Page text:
Wal-Mart Stores, Inc. (NYSE:WMT) could eventually face a heavy fine from the Securities and Exchange Commission over allegations last year that its employees in Mexico bribed officials to boost its business, according to one former SEC attorney.

Jordan Thomas, who previously worked on enforcement in major SEC cases involving Enron, UBS AG (VTX:UBSN), and Citigroup Inc. (NYSE:C), told International Business Times that any potential fine is likely to be significant.

The SEC declined to comment to IBTimes on any potential ongoing investigation, as per its usual policy, but Thomas said there’s no serious doubt that such an investigation is happening.

The Department of Justice has opened a criminal probe into the matter, which intensified after a comprehensive New York Times report uncovered evidence of bribery abroad by the world’s largest retailer.

WalMart itself actually opened an internal investigation before the Times’ report, and also noted that the alleged bribery happened over six years ago.

In April 2012, after the report, the company reiterated its commitment to anticorruption laws, and said it was cooperating with federal investigators.  

“What is maybe open is who is responsible, and what’s the price that WalMart is going to have to pay,” said Thomas, who worked as assistant enforcement director at the SEC and is now in private practice.

“My bet is that it’s going to be quite significant,” he continued.

“If you believe the New York Times story, it [misconduct] was endemic, and they had senior people involved, over long periods of time…And it also had a significant market impact,” he said.

Securities laws often require any ill-gotten gains to be returned as part of a civil penalty, continued Thomas.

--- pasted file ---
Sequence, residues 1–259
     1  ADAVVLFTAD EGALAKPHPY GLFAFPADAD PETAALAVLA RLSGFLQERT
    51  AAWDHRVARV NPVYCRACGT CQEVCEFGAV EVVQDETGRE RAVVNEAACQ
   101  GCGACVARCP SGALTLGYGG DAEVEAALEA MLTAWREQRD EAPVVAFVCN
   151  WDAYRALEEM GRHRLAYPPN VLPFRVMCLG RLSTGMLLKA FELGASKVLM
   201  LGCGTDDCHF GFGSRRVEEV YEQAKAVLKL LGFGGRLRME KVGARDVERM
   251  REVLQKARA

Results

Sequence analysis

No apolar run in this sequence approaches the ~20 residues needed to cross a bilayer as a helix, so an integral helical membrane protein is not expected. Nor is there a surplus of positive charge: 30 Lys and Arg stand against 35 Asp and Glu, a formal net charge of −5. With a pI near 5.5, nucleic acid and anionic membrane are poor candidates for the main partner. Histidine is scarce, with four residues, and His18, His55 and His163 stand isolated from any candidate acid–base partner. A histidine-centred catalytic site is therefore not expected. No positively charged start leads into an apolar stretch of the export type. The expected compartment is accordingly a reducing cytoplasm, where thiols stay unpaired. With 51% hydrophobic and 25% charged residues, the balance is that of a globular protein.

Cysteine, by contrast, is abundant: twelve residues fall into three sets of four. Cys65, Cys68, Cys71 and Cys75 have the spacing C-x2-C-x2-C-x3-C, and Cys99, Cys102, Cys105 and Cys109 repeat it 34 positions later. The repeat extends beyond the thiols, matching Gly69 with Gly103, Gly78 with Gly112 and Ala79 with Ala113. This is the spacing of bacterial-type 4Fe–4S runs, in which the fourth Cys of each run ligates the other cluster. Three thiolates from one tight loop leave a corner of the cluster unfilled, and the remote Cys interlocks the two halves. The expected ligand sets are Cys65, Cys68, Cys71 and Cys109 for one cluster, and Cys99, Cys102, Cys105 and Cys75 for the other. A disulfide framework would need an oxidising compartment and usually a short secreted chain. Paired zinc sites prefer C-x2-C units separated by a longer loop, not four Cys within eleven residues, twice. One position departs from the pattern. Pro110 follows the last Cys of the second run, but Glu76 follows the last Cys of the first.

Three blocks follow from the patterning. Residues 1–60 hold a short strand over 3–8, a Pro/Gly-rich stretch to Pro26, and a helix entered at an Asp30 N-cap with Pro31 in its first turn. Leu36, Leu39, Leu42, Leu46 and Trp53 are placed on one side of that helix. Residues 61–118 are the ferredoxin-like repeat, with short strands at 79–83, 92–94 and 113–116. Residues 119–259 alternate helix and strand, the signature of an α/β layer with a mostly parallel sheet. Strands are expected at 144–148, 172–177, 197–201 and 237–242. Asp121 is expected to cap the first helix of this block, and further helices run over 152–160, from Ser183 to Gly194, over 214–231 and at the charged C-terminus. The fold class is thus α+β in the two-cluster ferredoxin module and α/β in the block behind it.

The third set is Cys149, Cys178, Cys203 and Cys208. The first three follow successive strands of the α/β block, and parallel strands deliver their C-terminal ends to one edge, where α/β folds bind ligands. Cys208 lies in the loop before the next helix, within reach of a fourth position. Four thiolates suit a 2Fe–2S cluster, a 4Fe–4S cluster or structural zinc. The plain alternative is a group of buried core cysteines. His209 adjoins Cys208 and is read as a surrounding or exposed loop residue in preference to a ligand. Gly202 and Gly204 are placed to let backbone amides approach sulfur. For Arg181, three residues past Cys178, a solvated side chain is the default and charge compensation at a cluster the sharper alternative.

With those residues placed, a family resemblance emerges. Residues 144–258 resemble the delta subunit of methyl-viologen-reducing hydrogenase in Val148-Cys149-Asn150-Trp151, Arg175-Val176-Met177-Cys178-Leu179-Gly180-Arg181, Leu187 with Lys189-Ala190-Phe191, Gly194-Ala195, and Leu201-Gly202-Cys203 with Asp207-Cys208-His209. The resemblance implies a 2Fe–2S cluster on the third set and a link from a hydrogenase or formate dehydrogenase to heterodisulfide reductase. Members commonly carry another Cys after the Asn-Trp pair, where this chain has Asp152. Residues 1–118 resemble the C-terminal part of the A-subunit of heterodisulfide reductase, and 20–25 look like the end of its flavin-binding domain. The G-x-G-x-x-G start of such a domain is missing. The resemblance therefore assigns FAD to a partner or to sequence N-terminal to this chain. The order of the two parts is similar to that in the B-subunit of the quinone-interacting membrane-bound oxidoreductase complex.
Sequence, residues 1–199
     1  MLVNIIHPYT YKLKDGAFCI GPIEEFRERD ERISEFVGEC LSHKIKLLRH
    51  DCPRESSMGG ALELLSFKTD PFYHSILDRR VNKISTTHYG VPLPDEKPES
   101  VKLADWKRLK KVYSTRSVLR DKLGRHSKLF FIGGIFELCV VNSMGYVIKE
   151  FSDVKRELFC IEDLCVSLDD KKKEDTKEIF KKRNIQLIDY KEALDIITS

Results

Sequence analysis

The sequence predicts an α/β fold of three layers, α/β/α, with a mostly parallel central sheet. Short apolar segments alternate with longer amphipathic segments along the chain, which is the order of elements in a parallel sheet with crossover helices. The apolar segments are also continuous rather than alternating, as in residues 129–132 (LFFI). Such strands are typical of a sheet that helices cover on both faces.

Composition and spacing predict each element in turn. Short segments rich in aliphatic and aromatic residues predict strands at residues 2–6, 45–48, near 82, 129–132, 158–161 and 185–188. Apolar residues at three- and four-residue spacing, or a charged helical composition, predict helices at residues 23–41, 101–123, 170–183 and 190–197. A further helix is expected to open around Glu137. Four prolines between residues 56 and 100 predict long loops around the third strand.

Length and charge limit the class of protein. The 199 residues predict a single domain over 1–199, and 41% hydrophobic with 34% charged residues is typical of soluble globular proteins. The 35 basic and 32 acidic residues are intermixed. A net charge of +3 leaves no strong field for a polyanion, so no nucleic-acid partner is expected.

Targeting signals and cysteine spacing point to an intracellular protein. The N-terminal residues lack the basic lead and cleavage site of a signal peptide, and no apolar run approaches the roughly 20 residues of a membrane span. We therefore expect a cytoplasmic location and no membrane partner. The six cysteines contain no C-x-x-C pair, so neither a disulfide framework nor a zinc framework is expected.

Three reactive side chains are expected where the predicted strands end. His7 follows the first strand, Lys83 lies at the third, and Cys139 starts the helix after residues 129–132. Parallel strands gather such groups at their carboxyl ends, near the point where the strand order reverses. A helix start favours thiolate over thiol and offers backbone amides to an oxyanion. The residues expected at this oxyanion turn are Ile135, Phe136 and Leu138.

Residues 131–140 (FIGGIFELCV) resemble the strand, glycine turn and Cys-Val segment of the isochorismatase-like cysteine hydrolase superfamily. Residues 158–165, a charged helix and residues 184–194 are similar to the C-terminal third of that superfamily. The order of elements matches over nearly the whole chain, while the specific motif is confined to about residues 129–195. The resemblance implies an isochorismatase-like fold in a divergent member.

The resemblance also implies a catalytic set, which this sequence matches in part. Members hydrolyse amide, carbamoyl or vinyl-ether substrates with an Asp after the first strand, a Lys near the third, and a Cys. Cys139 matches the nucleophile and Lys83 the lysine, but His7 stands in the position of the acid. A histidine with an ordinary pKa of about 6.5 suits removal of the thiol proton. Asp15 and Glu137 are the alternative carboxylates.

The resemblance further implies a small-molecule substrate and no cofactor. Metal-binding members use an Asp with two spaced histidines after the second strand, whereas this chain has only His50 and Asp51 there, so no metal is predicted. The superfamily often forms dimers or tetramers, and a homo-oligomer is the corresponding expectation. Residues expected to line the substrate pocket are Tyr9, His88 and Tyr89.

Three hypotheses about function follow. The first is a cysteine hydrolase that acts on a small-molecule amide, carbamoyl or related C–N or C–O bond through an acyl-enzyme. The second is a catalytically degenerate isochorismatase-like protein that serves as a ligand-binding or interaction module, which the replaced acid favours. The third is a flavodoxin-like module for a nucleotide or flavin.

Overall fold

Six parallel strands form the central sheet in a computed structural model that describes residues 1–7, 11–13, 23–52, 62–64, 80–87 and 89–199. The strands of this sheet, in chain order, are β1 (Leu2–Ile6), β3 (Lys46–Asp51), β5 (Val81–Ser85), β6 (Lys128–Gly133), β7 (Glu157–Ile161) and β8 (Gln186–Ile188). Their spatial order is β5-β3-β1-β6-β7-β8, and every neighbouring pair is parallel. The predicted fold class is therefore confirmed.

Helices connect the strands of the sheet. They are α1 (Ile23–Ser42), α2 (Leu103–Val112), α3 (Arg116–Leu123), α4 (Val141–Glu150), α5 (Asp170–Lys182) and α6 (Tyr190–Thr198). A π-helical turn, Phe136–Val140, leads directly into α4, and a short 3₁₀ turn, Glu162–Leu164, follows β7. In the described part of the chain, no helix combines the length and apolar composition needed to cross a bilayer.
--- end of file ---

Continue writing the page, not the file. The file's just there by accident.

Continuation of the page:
Thomas declined to estimate the size of any potential fines, which would likely come under the auspices of the Foreign Corrupt Practices Act, a securities law prohibiting bribery overseas by representatives of U.S. companies.

Thomas also doesn’t have any firsthand knowledge of the matter.

It could be years before any actual fines are announced or investigations concluded, with typical SEC investigations taking two to four years or longer.  

The largest previous settlement under the FCPA came in 2008, after Siemens AG (FRA:SIE) paid $800 million to the Department of Justice and the SEC to settle allegations that the German company paid bribes to government officials in several countries.

In its latest quarterly report, WalMart said it expects expenses of $75 to $80 million for the next six months, in compliance and FCPA costs.

One UBS analyst noted last year that recent FCPA fines have settled between 1 to 2 percent of the firm’s total revenue, meaning WalMart could be on the hook for billions.

But law professor Mike Koehler of the Southern Illinois University law school has said on his widely read FCPA law blog that WalMart’s fines will probably not land within top five FCPA enforcement penalties of all time, because the heaviest fines to date have involved procurement cases, not permit or license cases.

In an earlier paper, Koehler, an anti-corruption expert, called estimates that WalMart could face over $10 billion in ultimate fines and penalties “wildly speculative.”